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Home  |  Gods   |  South American Gods   |  Olmec Gods   |  Maize Deity : The Agriculture God

Maize Deity : The Agriculture God

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At a glance

Description
Origin Olmec Mythology
Classification Gods
Family Members N/A
Region Mexico
Associated With Maize, Agriculture

Olmec Maize God

Introduction

Maize Deity is another Olmec god who has not been identified with a name. The physical representation of the god in ancient carvings associating him with a cleft of corm has lead researchers to name him Maize God or God II.

The shamans who were an important part of the Olmec worship and rituals were considered to be in constant touch the gods and conveyed the messages from the gods to the people.

Physical Traits

Maize Deity or God II was often depicted as a humanish figure with a corn cob growing from a cleft in its head. It had almond-shaped eyes and a large flat nose. The sculptures of the Maize Gods usually have other carvings atop the heads. The statues are almost never shown from waist down.

Family

The Maize Deity is considered to be the precursor for other Maize Gods in the other South American and Mesoamerican cultures. Although the Mayan and Aztec versions of the god have a family to attribute, the Olmec version does not.

Other Names

The Olmec Gods have never been identified with actual names due to the lack of a written history or a written language. This god is often called God II, Maize God or Maize Deity.

Powers and Abilities

The importance of agriculture and maize to the lives of the Olmec was evidenced by the god known as the Maize God. He was often seen accompanying rulers probably highlighting the role of the rulers to ensure that the people were well fed and also a guarantee of abundant crops.

Modern Day Influence

Modern studies in Aztec, Mayan and Inca civilizations have started revealing new information on the Maize Deity and joining the dots that would reveal more information about the Olmec pantheon. Some studies also link the Olmec Maize deity to the sun god of the Mayans and believe that there is enough proof to link the two.

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Frequently Asked Questions

What Olmec deity was associated with corn?

The Olmec deity associated with corn or maize is known as the Maize God. This god appears as a human-like figure with a stalk of corn growing out of his head. Because maize was such an important staple of life for the Olmec, it’s not surprising that they dedicated a god to its production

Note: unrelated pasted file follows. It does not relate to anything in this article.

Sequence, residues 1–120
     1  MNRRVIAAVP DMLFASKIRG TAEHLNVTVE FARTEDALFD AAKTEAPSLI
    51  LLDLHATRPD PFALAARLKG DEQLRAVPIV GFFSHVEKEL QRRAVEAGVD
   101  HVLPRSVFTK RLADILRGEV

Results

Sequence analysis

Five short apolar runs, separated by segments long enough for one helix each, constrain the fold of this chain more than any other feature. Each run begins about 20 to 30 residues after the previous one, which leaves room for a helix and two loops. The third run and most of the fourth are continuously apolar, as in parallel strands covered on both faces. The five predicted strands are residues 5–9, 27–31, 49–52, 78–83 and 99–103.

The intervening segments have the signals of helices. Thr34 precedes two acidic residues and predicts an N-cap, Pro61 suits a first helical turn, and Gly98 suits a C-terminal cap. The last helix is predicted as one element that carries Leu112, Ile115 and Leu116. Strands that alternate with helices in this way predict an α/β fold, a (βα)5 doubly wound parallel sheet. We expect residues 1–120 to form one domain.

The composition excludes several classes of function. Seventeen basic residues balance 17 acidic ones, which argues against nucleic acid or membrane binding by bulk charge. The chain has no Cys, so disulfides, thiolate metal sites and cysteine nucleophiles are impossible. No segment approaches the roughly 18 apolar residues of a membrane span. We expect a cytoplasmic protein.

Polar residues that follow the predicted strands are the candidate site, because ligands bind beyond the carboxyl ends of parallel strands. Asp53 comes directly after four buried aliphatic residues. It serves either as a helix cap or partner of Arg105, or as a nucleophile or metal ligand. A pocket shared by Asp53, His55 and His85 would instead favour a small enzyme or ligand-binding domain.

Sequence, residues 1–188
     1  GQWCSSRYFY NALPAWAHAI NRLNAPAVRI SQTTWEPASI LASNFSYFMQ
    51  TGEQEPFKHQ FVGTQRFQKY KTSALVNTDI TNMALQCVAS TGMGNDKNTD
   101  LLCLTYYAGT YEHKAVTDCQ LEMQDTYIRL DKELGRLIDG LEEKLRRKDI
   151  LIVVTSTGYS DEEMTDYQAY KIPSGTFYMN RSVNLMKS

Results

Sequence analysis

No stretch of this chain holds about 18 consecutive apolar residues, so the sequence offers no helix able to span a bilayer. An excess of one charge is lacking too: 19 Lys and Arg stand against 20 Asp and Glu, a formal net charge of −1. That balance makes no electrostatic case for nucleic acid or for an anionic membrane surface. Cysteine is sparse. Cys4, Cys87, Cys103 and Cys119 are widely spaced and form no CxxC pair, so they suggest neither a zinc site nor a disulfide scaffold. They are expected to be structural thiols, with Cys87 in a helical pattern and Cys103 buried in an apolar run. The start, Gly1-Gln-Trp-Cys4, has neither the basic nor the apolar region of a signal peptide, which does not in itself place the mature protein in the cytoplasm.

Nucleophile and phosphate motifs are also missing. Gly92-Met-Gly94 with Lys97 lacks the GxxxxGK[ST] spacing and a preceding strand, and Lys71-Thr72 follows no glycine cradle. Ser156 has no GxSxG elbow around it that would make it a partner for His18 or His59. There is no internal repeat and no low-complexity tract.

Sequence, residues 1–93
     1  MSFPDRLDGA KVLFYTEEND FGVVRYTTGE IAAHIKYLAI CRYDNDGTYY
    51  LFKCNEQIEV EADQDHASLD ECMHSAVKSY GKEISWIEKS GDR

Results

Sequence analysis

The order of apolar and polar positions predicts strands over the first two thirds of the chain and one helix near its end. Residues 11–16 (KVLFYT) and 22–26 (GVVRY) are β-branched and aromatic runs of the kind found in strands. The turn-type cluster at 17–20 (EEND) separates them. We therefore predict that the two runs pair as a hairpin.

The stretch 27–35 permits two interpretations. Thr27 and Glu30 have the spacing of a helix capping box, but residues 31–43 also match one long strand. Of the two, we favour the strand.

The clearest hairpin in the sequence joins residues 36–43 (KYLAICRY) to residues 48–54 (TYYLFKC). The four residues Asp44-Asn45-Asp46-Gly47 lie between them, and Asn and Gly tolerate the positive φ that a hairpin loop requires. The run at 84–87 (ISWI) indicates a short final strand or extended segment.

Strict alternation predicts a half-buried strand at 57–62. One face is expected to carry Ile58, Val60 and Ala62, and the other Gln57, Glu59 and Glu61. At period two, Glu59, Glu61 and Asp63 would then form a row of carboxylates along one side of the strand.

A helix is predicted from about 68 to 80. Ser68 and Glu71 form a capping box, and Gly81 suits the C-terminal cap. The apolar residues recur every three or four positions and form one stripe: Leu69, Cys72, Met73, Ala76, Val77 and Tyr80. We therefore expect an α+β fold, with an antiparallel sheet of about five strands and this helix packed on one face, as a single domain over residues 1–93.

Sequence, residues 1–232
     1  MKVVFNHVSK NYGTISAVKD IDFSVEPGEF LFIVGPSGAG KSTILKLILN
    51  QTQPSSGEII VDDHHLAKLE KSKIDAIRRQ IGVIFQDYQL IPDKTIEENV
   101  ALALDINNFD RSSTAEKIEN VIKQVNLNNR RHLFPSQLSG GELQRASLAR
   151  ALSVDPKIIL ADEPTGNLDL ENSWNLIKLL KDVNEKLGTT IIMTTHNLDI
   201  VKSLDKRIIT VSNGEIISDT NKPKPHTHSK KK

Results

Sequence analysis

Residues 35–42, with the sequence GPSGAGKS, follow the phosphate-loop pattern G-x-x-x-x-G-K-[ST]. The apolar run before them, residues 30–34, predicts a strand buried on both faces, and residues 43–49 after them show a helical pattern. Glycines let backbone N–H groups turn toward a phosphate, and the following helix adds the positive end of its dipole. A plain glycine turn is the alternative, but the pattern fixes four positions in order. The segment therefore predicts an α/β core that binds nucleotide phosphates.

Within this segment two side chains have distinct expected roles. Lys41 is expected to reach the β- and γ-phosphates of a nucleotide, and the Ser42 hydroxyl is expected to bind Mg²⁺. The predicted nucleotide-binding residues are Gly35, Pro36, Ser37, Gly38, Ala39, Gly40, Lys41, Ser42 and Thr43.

How did the Olmecs use maize?

The Olmecs, one of the earliest civilizations in Mesoamerica, incorporated maize into their diet and culture in significant ways. They began to consume maize variants within their diet as the nixtamal, which consisted of a mixture of corn with ashes and sea shells. The land around the rivers was found to be good for growing crops, and with the creation of irrigation systems, they began to grow a variety of food, including maize. Maize was such an important part of the Olmec civilization that they even had a deity associated with it.

Why was corn important to the Olmecs?

Corn, or maize, was a vital part of the Olmec civilization. It was a staple food in their diet and was cultivated as one of their primary crops. The fertile land around the rivers, coupled with their irrigation systems, made it ideal for growing maize. Additionally, maize held religious significance for the Olmecs. They had a deity associated with maize, known as the Maize God, signifying its importance in their culture and daily life.

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Disclaimer: While it is the intention of Mythlok and its editors to keep all the information about various characters as mythologically accurate as possible, this site should not be considered mythical, legendary or folkloric doctrine in any way. We welcome you using this website for any research, journal or study but citing this website for any academic work would be at your own personal risk.
Disclaimer: While it is the intention of Mythlok and its editors to keep all the information about various characters as mythologically accurate as possible, this site should not be considered mythical, legendary or folkloric doctrine in any way. We welcome you using this website for any research, journal or study but citing this website for any academic work would be at your own personal risk.
Disclaimer: While it is the intention of Mythlok and its editors to keep all the information about various characters as mythologically accurate as possible, this site should not be considered mythical, legendary or folkloric doctrine in any way. We welcome you using this website for any research, journal or study but citing this website for any academic work would be at your own personal risk.